Dove unveils 'industry-first' guide for creating afro and textured hairstyles in video games

By Austyn King | Published: 16-Nov-2023

85% of black gamers believe that video games poorly represent textured hair, the Unilever-owned brand’s research revealed

Dove has unveiled what it is calling the first-ever guide to creating textured and protective hair styles in video games. 

Created in partnership with the Open Source Afro Hair Library, a free database of digital hair textures, the Code My Crown guide aims to allow developers to include a greater variety of textured and protective hairstyles in their games.

85% of black gamers believe that video games poorly represent textured hair, according to the Unilever-owned brand’s research.

Existing afro hair options were criticised as “limited” and “highly stereotypical”.

However, 74% of game developers said they wanted to better represent textured hair in video games.

The Code My Crown guide includes 15 hair sculpts that are said to allow users to create “hundreds” of virtual hairstyles.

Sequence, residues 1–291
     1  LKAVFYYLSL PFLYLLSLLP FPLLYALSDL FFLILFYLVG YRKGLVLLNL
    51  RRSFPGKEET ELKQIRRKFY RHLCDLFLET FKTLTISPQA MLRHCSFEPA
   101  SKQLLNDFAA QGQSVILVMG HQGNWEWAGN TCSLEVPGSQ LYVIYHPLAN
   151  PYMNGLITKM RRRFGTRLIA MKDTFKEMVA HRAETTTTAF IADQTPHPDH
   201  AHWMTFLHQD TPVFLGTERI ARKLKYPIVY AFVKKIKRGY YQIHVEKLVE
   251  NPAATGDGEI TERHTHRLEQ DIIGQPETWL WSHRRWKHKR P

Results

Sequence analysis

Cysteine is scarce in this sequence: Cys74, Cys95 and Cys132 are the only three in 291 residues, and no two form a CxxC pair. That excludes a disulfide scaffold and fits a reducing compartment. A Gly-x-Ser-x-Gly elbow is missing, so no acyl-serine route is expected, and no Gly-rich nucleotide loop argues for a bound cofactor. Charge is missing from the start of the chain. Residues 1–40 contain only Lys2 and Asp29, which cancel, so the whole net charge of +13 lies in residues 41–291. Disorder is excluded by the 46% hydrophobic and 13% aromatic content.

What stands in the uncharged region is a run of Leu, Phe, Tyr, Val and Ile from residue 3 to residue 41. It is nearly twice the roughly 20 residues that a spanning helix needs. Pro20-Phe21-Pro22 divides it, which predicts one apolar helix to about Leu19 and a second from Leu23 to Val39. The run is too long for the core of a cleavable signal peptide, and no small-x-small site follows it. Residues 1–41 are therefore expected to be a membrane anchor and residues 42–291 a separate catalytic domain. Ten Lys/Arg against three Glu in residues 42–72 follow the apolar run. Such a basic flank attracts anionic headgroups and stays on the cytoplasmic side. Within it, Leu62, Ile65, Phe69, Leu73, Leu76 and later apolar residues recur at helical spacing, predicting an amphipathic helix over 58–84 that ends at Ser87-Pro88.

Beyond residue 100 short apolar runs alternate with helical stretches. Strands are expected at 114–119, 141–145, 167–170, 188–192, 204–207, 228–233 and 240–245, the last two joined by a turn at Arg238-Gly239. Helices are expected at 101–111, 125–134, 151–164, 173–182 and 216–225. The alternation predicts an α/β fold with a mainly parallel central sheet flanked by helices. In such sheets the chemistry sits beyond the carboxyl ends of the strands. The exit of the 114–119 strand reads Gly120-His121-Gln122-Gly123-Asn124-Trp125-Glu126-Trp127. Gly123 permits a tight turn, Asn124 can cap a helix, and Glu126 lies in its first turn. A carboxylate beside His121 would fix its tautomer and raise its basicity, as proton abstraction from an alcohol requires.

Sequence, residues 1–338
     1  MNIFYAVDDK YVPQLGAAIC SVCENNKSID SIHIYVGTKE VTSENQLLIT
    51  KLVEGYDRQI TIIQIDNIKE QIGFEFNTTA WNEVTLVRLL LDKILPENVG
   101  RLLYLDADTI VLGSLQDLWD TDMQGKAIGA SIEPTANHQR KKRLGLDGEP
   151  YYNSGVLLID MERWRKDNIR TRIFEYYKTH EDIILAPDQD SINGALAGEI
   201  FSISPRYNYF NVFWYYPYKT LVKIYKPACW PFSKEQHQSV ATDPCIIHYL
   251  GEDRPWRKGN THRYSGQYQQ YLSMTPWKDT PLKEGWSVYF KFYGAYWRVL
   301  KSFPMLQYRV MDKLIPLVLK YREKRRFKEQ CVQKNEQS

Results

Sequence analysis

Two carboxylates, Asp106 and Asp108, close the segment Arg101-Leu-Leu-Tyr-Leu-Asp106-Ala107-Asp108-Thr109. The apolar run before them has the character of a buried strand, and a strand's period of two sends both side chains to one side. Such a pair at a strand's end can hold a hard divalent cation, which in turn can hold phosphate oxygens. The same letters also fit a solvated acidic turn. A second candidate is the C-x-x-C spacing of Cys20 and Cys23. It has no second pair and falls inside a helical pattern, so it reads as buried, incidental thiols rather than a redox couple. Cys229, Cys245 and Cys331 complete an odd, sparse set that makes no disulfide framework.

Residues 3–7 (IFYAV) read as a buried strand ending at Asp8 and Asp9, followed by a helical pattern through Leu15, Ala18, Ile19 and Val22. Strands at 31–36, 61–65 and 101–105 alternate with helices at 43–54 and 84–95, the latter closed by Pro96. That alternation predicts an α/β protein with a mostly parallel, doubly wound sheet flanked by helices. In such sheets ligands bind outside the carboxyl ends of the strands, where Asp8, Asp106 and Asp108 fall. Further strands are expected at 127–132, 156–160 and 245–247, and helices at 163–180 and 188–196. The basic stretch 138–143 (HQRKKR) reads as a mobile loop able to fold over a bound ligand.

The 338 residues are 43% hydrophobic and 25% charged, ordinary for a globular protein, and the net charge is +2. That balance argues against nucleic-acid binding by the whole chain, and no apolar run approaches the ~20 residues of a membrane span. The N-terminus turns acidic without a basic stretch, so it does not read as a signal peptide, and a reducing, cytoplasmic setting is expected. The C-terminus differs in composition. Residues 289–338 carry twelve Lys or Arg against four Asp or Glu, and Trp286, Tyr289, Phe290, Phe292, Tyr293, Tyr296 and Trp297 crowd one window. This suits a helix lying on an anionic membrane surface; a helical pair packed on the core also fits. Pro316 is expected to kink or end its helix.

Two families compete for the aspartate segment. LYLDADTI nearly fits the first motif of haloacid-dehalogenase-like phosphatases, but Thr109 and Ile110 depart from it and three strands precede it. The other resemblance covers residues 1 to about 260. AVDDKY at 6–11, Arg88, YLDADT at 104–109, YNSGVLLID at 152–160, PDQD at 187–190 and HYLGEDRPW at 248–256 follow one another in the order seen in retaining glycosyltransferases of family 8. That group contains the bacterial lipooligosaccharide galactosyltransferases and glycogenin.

Each comes with step-by-step instructions, 360-degree photo mapping and cultural insight into the hairstyle for developers.

"At Dove, we believe every single person should see their beauty represented in the world around them [and] this is no different for the virtual world,” said Leandro Barreto, SVP of Global Dove Masterbrand. 

“The importance of accurately and respectfully depicting textured hair in video games cannot be overstated, and we are proud to play a small part in taking action to set a new standard for diversity and representation in video games." 

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The launch is part of Dove’s ongoing push for more diverse representation in video games, following its campaign for more realistic avatars earlier this year.

The Code My Crown guide is available to download for free at

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